“Not a single creature on earth has more or less right to be here.”
― Anthony Douglas Williams
If one were to define the crux of animal rights, the above quote would be it. This marks a major difference between ‘Animal Welfare’ and ‘Animal Rights’. The seemingly semantic distinction, in reality goes further more into the position on morality regarding the treatment of animals. Animal welfare is the humane treatment of animals; while animal rights is understanding the fundamental rights of non-humans and their intrinsic value – to not be used, labeled, enslaved, branded and exploited. To end the exploitative nature of human-animal relationships, we proudly associate ourselves federating the ‘Animal Rights Movement of India’.
While the animal rights movement can be broadly categorised into ‘Animals farmed for Food and Clothing, ‘Companion Animals’, ‘Animals in Experimentation’ and ‘Animals in Captivity and Entertainment’, it is in no way limited by speciesism. It isn’t confined to raising our voice against the puppy flung from a building, rejoicing at the new dog breeding & pet shop rules, caring for the dogs and cows in distress on the streets, or even the gigantic task of getting ABC and ARV implemented. Animal rights activism is beyond and extended to also bring an end to every use of animals – the infamous dairy and slaughter industries, the experimentation labs, the confining zoos, the humiliating circuses. Backed up with logic and reason, the animals rights viewpoint goes on to understanding the vested interests of political and religious groups in the cattle market muddle, having the foresight to contemplate if the plans to build the supposed sanctuaries for cows are in fact, in the animals’ best interest. The animal rights movement of India exceeds the love for our favourite cat(s) & dog(s) in the locality, or the alleged worship of a certain bovine animal that is sweeping away attention – it also lends thought to the suffering of millions of other animals languishing in equally horrific conditions.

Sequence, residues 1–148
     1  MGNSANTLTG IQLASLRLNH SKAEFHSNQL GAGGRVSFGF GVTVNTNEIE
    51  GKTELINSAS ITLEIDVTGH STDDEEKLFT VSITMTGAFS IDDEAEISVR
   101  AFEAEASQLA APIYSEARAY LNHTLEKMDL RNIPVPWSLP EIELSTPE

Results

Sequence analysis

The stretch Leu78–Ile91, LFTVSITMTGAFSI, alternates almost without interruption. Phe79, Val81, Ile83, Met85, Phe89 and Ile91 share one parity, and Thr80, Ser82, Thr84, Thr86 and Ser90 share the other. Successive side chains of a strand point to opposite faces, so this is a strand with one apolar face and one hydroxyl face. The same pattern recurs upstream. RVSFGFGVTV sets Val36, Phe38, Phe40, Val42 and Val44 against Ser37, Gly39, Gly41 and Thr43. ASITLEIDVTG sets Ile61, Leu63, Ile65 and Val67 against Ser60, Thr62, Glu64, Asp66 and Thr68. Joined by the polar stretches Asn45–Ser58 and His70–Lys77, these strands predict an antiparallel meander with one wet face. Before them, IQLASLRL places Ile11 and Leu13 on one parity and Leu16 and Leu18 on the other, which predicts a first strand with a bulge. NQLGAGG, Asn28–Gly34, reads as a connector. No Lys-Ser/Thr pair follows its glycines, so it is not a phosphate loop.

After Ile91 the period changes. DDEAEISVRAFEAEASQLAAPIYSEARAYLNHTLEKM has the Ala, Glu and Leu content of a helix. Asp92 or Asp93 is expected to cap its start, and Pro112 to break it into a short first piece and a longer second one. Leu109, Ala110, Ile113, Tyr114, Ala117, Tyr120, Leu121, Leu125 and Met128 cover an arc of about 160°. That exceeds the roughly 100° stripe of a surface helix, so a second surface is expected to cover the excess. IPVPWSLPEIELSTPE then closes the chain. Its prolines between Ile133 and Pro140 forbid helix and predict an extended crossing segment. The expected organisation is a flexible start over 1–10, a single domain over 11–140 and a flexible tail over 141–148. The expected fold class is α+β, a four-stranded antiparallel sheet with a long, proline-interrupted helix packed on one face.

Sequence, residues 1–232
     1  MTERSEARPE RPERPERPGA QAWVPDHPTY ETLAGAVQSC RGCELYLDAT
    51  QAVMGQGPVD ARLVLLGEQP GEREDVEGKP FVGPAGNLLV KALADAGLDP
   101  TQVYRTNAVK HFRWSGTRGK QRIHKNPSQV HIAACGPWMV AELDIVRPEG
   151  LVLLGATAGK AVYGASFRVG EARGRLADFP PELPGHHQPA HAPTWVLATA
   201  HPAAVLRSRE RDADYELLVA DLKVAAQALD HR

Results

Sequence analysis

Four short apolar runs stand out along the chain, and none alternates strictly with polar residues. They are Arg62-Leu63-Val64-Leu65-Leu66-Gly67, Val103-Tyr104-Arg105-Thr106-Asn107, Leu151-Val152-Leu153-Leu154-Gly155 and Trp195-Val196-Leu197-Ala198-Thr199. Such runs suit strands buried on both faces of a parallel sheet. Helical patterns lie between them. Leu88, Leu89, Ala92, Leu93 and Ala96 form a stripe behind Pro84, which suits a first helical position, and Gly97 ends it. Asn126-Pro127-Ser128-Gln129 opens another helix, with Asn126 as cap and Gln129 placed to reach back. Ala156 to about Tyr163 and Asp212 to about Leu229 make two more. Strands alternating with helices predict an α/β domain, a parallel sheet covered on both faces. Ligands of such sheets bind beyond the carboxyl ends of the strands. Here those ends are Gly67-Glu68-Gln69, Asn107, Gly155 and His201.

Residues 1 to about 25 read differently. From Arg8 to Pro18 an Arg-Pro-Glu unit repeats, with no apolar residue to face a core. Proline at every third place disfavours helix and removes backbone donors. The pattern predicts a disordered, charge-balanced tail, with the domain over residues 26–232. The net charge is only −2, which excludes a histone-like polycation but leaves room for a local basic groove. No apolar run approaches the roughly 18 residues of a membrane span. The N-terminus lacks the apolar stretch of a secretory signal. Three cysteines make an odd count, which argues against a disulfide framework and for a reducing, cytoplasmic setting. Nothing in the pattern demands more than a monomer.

There’s no denying that the human-dog conflict, or the suffering of the birds and reptiles caught up in our modern cities, requires constant attention of the movement today. Fortunately, there are a large number of us who are working on rescue, rehabilitation, and care-giving, running helplines, and shelters, and hospitals and hospices.
But there is also a need to identify and urgently work on other issues that have been ignored for a long time. While we feed stray cattle, more and more cows are abandoned by the dairy industry to die (and we consume their milk); while we rescue street dogs, more and more bitches are kept in harrowing conditions for breeding; while we rescue birds caught in a manjha, a circus owner somewhere is cutting feathers off another bird.
Recognising rights for all can start with something as simple as adopting veganism – as an animal rights activist, to not cause suffering to one animal as we save another. It can also be broadened to work on the significant atrocities caused to animals in the field of dairy, slaughter, experimentation and the pet industries in India, and to be an active voice in the animal rights movement of the country-for all animals, unbiased!